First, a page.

7 Storytime Strategies to Boost Early Literacy (page 2)
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- Early Literacy Skills
- Literacy Research and Practice from the 1960s to the Present
Most parents know that reading to your child for fifteen minutes every day is one of the most important activities you can do with your preschooler to help her learn to read and succeed in school. But what you may not know are some of the secrets teachers use during storytime to teach important early literacy skills to their kids. Well we've got a slew of sneaky teacher tips to share with you the next time you read with your child. Try a few of these simple ideas as you read books for the first time (or the hundredth time!) to help promote beginning literacy skills with your little bookworm.
Left to Right
This may sound simple, but running your fingers under the words as you read has many valuable lessons for young readers. The left to right and top to bottom orientation in the English language is not natural to young children. (You may notice this when she starts to write her name, often times right to left.) This is a simple skill that has to be learned and what an easy way to teach it! As an added bonus, she may also begin to recognize the words you are reading,and perhaps even start to recognize words used frequently in books.
Working With Words
If your child is inquisitive, she may naturally ask the meaning of words she doesn't recognize. Reading is a wonderful opportunity to expand your child’s vocabulary as most picture books contain some words that your child may not know. After reading the book at least once all the way through (just for fun), begin to discuss some of the words you think your child may not know. As she begins to read, it will much easier to sound out a known word than one she has never heard or seen before (this is true for adults as well!).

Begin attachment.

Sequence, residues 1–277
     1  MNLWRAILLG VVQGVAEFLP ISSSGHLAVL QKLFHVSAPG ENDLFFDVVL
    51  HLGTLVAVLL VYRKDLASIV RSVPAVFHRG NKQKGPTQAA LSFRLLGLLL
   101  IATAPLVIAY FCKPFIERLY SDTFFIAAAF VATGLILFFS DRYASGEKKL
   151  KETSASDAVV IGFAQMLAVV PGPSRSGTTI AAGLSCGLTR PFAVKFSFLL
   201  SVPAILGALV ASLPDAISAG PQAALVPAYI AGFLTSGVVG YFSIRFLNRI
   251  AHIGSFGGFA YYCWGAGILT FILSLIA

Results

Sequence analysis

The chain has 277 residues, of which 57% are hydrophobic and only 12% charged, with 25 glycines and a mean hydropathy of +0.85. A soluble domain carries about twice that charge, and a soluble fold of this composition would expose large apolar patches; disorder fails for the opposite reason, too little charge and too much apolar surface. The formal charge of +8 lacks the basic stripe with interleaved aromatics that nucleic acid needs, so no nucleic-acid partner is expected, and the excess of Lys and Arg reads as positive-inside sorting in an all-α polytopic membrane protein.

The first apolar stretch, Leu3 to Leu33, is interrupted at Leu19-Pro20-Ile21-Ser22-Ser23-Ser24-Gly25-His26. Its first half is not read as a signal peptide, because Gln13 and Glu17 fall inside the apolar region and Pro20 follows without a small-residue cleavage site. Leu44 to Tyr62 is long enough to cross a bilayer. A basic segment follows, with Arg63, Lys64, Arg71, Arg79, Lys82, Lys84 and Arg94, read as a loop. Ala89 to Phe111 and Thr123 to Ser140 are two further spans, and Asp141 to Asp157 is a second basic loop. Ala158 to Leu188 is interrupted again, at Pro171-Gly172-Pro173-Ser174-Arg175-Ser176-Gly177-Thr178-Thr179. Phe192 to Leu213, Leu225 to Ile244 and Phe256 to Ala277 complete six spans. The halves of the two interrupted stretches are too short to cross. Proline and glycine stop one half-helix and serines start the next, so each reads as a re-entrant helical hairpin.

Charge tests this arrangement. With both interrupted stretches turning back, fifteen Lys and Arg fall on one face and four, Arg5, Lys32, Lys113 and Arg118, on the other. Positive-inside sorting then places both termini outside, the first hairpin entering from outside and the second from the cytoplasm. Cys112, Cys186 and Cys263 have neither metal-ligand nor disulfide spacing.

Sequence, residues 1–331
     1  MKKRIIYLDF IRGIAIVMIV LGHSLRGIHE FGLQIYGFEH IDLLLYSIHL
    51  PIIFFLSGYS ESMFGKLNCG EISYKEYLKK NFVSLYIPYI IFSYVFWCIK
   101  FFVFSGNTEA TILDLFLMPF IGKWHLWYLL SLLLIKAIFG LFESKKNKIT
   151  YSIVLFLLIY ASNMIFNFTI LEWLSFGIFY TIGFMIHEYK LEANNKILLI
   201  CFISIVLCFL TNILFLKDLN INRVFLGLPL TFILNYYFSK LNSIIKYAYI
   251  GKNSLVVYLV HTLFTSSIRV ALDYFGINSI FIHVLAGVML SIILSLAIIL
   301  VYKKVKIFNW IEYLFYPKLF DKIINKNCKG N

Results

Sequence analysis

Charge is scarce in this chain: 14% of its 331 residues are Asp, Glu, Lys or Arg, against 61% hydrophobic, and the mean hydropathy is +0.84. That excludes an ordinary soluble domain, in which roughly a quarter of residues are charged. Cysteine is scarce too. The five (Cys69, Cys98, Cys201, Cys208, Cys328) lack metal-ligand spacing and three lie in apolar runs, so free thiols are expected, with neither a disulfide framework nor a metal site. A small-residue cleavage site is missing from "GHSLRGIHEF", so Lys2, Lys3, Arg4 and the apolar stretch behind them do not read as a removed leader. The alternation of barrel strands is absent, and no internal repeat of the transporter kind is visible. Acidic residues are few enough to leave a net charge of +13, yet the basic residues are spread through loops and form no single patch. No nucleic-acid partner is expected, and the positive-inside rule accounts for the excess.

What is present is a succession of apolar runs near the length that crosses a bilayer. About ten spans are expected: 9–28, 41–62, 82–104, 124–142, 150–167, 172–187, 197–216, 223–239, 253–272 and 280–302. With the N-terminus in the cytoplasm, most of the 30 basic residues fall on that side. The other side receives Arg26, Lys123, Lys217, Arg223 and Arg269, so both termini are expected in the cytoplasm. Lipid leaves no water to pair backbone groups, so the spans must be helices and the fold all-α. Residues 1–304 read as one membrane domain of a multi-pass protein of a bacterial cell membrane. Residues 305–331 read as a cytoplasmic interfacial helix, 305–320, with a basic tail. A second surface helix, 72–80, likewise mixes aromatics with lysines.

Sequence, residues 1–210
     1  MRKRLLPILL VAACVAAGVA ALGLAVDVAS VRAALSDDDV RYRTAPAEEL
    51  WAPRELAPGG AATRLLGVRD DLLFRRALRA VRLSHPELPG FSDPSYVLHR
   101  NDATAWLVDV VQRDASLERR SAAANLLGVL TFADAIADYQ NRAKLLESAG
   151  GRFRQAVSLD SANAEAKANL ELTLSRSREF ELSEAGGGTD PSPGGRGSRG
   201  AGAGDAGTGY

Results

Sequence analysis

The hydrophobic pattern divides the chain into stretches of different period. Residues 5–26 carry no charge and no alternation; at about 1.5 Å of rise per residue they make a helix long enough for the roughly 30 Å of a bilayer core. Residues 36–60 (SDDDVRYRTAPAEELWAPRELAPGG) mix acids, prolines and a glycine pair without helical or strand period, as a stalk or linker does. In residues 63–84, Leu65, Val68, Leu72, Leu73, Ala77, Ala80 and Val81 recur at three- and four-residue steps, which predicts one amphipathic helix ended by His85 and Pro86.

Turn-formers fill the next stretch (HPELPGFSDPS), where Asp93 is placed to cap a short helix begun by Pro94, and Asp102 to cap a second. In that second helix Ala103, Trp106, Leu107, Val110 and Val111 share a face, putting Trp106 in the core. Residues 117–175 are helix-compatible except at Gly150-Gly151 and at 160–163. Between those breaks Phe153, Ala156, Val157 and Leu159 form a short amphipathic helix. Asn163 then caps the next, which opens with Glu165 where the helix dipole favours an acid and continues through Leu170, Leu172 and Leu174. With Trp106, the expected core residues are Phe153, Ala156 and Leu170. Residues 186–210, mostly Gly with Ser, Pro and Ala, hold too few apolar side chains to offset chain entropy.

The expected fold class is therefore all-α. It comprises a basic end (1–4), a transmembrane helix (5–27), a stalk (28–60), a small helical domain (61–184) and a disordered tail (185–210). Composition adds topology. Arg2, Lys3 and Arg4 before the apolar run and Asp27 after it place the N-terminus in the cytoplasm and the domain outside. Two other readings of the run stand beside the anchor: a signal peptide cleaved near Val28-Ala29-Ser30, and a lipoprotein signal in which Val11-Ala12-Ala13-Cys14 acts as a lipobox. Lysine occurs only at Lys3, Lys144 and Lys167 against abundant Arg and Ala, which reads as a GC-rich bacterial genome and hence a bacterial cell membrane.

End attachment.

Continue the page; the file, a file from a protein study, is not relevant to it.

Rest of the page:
Point Out Punctuation
Although it's not necessary for her to know what an explanation point, question mark or period is before she starts to read, being familiar with these common punctuation marks will help her feel more comfortable in the world of print. Make a game out of it by showing her (in an exaggerated way) what an exclamation point does to the sentence as you read it, or give her an opportunity to answer each question as you come to it. And for extra practice, you can even try reading the same sentence with different inflections based on the type of punctuation.
For a fun alternative to just reading a book, give your child a specific letter to hunt for on each page. Give her a magnifying glass and tell her she's a letter detective! Begin with the letters in her name to pique her interest in the activity. See how many upper case “B’s” are in the book, and then show her what the lower case “b” looks like. How many “B’s” and ”b’s” are in the book all together? This is a fun way to practice letter recognition and you can find most of the alphabet in almost every book!
Sight Word Search
If your child's a little older, you can begin to help her recognize some simple sight words found in most books. The ten most common used words in the English language (ranked by frequency) are: the, of, and, a, to, in, is, you, that, it. Give your little one a head start at reading by helping her recognize these words in print. Write one word on several mini self stick notes and have her stick one on each page where she finds the word. (For example, make ten notes that say the word “and” and let her search through the book for the word “and” to mark with a sticky note each time she finds it.) Read each sentence containing the word so she can hear and see the word in print. Don’t push this unless she thinks it's fun or it may have the opposite of the intended effect!
Make a Prediction
Before you read a new book together, look at the cover and ask your child what she thinks the story will be about. What gives her that idea? Read the title and ask her if she still thinks her prediction is correct or if she wants to change it. After you read the book, evaluate her prediction to see how close she was. She may also wish to make predictions about what will happen next as you read the book together. This is also great practice for basic storytelling, which is a skill she'll learn in the coming years as she writes more.
Check for Comprehension
After you have read a story for the first time, ask a few questions to see how much she remembers and understood. If you ask a question she can't answer, help her find the answer in the book, and then reread the page the answer is found on. Good reading comprehension skills will serve her well as she begins to read.
Creating a love of books and learning in your young child is more important than any literacy skill. Beware of focusing too much on the skill and forgetting to enjoy books together. Enjoy great books together often and when it feels right, and sneak in a little bit of extra learning as you snuggle up and read!
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